Sense & Sensitivity by Harriette Cole

Undeclared Workers Cannot File for Unemployment

DEAR HARRIETTE: I have a wonderful nanny who has been taking care of my daughter for three years. When the quarantine began, we told her not to come to work because that was the rule. We continued to pay her. Since that time, I have lost my job. No one knows when these restrictions will end, and my husband and I don't think we can continue to pay her salary. We love her and know she counts on this money, but we are quickly depleting our savings. We didn't declare her salary on our taxes, so I don't think she is eligible for unemployment insurance. How should we handle this? -- Losing the Nanny

DEAR LOSING THE NANNY: Sadly, there are thousands of families in your position. Paying workers under the table, so to speak, has always been dangerous -- and illegal -- even though it is a common practice. The reality is that if you did not declare your nanny as an employee and pay the proper payroll taxes for her, she cannot receive unemployment insurance now. If you can no longer afford to pay your nanny, talk to her and explain your circumstances. Let her know that because of your life changes, you cannot continue to pay her.

For those who did declare their nannies, housekeepers or other workers, there are provisions in the Emergency Paid Leave Act of 2020 that require employers to pay any workers diagnosed with COVID-19 with two weeks' pay if they are quarantined by doctor's orders, with the promise of being reimbursed by the government. To learn more, go to bit.ly/NANNYCARE.

DEAR HARRIETTE: The city put up scaffolding in front of my building several months ago. No work is going on now, but what has happened is that homeless people are gathering under there. I've seen drug deals go down and bags snatched. I don't live in a so-called bad neighborhood. It's a combination of the scaffolding, which is offering cover, and the rising unemployment rates -- or at least that's what I think. Whatever the reasons, I'm nervous about leaving my building. What can I do to protect myself? -- Unsafe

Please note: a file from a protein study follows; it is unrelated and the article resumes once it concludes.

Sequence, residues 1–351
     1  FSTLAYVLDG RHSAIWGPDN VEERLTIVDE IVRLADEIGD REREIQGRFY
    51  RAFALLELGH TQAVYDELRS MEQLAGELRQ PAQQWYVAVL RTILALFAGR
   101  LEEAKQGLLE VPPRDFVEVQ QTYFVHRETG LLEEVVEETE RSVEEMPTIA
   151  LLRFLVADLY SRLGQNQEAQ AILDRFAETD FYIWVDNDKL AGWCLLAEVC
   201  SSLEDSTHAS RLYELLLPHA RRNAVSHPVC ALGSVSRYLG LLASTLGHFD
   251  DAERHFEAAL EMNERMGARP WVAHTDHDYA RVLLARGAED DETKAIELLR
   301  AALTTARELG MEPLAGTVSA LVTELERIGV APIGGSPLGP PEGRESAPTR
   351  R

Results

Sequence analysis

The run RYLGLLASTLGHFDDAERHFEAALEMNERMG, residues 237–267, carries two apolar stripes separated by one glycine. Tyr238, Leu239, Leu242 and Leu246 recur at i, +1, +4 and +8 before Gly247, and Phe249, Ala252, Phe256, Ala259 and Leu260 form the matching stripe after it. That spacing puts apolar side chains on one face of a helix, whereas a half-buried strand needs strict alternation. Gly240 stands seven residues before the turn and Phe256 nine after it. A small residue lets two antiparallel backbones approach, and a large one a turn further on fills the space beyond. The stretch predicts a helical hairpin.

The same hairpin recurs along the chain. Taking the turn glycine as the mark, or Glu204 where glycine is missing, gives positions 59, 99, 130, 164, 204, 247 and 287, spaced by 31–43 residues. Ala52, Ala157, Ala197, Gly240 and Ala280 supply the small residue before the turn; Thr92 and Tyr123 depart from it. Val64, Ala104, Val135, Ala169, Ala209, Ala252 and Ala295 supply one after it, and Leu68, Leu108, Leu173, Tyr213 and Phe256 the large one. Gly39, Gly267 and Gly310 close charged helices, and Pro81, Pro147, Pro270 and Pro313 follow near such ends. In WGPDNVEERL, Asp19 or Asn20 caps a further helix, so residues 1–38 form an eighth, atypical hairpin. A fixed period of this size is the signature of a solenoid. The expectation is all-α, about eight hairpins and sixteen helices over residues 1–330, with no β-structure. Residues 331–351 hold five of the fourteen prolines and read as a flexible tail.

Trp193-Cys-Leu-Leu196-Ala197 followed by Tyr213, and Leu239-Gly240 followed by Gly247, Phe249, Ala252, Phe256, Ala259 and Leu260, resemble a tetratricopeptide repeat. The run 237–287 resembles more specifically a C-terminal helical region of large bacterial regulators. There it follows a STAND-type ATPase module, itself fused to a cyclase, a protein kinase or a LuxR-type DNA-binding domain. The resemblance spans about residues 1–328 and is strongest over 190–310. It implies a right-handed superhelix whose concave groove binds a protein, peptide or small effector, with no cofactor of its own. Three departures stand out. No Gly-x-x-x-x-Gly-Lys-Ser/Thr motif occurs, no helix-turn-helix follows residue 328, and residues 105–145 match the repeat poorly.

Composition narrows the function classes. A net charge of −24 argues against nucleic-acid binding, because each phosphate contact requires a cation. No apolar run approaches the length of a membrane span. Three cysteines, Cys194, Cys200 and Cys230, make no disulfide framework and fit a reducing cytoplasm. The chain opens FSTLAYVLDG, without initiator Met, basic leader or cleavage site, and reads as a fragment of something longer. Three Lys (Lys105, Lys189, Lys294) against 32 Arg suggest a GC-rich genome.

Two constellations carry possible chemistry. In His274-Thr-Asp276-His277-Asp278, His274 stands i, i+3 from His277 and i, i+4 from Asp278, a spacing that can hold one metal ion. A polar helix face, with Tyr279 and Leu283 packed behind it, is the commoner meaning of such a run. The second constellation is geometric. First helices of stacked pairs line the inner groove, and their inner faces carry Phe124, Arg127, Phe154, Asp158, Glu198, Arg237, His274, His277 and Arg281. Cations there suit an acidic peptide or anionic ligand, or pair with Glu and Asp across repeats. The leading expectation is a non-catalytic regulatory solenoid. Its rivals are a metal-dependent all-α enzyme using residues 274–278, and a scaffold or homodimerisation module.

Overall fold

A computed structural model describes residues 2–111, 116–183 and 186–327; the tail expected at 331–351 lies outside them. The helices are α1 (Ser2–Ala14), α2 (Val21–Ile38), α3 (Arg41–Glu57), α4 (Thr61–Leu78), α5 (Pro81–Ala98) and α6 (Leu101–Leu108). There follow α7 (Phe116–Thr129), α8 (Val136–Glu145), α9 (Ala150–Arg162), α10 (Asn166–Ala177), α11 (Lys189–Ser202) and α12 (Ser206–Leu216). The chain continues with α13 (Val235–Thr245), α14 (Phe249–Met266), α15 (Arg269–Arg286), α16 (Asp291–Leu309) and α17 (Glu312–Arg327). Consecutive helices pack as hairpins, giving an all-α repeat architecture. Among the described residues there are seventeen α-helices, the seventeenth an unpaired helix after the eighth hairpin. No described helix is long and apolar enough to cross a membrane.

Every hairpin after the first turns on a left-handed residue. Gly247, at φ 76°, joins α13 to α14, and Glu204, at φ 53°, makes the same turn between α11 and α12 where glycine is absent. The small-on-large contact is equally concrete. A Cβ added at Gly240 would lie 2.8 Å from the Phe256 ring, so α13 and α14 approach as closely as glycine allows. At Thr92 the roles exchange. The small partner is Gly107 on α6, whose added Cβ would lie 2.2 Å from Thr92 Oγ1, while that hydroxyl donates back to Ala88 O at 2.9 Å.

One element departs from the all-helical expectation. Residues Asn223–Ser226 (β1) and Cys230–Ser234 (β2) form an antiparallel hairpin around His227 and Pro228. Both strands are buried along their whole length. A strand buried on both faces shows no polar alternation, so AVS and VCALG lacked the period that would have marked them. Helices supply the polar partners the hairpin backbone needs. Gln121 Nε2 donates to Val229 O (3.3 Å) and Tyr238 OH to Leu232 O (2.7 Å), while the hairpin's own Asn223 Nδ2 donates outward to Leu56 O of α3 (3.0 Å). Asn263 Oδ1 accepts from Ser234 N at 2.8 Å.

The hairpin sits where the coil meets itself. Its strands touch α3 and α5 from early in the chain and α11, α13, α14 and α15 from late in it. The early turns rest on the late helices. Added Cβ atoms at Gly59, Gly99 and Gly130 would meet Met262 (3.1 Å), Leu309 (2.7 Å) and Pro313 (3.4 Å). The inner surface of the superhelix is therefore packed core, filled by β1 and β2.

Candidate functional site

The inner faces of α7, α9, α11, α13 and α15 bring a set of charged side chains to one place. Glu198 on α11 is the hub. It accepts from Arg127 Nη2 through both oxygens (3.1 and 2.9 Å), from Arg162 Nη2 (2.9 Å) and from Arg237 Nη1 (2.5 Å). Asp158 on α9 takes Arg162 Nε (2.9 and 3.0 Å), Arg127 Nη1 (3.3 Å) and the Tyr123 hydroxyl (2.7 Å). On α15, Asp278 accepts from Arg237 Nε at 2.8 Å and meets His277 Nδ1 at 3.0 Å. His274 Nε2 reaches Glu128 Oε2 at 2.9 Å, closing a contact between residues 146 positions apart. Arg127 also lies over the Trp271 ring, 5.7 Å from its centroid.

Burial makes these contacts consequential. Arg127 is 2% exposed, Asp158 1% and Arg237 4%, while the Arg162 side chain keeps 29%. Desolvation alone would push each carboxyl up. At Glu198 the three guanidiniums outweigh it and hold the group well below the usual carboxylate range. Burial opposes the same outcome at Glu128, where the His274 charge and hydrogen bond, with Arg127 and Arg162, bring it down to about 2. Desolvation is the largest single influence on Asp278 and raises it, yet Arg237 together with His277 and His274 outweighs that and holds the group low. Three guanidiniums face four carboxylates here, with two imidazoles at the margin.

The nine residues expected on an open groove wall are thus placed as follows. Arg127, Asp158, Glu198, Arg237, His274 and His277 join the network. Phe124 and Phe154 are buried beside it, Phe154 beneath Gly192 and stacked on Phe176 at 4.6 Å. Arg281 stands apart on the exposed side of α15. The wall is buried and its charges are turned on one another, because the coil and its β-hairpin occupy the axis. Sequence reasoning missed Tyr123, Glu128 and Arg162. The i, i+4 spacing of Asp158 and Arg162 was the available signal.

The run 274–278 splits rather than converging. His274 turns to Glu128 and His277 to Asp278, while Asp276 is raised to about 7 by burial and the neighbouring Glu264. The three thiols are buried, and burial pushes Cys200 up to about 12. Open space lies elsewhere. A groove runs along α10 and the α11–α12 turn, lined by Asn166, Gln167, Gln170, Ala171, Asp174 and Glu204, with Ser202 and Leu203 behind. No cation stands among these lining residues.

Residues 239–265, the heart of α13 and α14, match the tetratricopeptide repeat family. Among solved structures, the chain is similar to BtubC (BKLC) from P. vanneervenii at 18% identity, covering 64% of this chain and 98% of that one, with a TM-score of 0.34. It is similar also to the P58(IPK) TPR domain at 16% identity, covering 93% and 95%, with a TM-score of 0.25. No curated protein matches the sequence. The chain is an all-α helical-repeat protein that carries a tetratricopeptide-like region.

DEAR UNSAFE: Speak to your building management about ramping up security around your building. Call a meeting of your tenants association to gather forces to complain formally to the building and to create a plan of action. Sign a petition with a list of grievances and present them to the landlord.

Document everything you see and share images and stories with building management and with the local police. Build a relationship with your local police precinct so that they become more aware of what's happening in your building and neighborhood -- and so that they care. Send photos of illicit activity to 311.

Consider instituting neighborhood watch tactics with the other residents. If you need more eyes to ensure that tenants are safe, do it for yourselves until you can get the building to do it for you. Arrange shifts when people stand guard, preferably in pairs, to help ensure safe passage as residents go in and out. Be vigilant.

(Harriette Cole is a lifestylist and founder of DREAMLEAPERS, an initiative to help people access and activate their dreams. You can send questions to askharriette@harriettecole.com or c/o Andrews McMeel Syndication, 1130 Walnut St., Kansas City, MO 64106.)